How To Hang A Witch by Adriana Mather

The Blurb On The Back:

The trials of high school start to feel like a modern-day witch hunt for Samantha Mather, who has all the wrong connections to Salem’s past … 

When a centuries-old curse is rekindled, Sam finds herself at the centre of it.  Can she stop history repeating itself? 

You can order HOW TO HANG A WITCH by Adriana Mather from Amazon USAAmazon UK, Waterstone’s or UK.  I earn commission on any purchases made through these links.

The Review (Cut For Spoilers):

15-year-old Samantha Mather knows that her ancestor, Cotton Mather had a key role in prosecuting the Salem Witch Trials but having spent her whole life in New York, it’s never really been an issue.  Then her dad gets sick and falls into a coma.  With the medical bills mounting, Sam’s step-mother, Vivian, has to sell their New York apartment and move to Salem, to the house where Sam’s father grew up and which he inherited from his mother following her death.

Sam discovers that in Salem the Witch Trials have never been forgotten and the Mather name is still viewed with suspicion.  This is a particular problem at high school where a group of 5 students (Lizzie, John, Mary, Alicia and Susannah) are known as The Descendants because their ancestors were executed as witches and as a result, have taken a strong and instant dislike to Sam.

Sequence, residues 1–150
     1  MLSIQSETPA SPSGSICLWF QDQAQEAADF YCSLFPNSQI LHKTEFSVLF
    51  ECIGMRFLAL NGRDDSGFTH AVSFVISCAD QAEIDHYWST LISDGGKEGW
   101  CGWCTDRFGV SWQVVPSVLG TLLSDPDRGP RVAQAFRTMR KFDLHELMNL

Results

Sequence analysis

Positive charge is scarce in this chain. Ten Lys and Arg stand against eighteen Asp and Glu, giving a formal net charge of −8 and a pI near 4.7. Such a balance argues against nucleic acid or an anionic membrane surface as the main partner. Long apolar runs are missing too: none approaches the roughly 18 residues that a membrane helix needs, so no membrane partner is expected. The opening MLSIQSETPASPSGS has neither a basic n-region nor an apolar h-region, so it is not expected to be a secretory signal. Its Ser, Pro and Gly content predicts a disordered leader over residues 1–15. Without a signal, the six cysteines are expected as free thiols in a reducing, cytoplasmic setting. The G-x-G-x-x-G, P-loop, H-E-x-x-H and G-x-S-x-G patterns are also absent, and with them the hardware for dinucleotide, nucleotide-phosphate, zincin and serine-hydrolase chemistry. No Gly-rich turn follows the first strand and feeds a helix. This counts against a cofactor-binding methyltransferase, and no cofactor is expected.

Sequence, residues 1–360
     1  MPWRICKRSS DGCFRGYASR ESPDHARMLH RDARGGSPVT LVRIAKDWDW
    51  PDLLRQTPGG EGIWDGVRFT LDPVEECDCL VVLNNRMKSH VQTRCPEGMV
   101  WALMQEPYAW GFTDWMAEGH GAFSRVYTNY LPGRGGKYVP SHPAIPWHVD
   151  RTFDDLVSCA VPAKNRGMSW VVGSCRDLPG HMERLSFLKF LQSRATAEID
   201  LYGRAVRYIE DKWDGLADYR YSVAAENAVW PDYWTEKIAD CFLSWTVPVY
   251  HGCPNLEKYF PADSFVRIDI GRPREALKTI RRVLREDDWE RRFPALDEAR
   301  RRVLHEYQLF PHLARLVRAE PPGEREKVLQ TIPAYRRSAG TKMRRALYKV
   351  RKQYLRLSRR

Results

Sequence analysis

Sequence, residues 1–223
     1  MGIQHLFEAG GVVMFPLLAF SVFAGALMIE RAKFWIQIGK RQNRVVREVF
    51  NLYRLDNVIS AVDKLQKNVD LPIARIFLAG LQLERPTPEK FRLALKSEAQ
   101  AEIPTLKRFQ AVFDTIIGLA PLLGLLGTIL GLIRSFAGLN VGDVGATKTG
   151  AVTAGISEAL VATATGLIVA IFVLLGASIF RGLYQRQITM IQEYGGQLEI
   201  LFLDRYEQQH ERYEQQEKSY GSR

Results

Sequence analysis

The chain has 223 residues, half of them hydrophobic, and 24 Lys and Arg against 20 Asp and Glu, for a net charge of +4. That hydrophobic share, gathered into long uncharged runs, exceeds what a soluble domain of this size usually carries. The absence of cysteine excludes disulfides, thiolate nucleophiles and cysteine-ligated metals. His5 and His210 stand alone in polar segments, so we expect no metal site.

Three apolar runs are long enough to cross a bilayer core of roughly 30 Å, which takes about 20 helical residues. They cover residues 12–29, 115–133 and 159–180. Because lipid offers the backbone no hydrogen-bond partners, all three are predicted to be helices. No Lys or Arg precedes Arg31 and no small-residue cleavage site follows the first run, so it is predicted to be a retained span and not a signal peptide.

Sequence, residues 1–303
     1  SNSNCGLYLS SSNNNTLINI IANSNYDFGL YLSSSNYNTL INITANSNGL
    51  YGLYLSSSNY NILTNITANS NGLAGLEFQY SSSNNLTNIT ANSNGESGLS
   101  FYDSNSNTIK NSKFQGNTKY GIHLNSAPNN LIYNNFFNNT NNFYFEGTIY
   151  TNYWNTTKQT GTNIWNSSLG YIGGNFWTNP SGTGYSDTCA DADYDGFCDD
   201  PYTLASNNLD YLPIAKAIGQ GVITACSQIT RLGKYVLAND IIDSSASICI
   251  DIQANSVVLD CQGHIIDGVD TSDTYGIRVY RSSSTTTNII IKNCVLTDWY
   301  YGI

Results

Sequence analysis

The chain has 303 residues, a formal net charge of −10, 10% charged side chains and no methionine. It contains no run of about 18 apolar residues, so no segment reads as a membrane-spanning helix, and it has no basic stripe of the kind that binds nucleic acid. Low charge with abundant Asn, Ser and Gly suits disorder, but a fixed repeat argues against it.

When strange things start happening to The Descendants, their relatives and others descended from those involved in the Witch Trials – suspicion builds that Sam is the cause of it.  Feeling unable to confide in Vivian and worried about her dad’s worsening condition, Sam’s only allies are her hot next-door-neighbour, Jaxon and his mother so the last thing she needs is the sudden appearance of a very attractive ghost with his own connection to the Trials …

Adriana Mather’s YA paranormal novel has a great premise but is spoilt by a tedious plot lacking consistent, internal logic; a tired, clichéd love triangle with two bland male leads; a main character who’s clumsy for no reason but also secretly special an often completely irrational; supporting characters who are little more than sketches and a ridiculous climax that had me rolling my eyes and ensued I won’t be reading the sequel.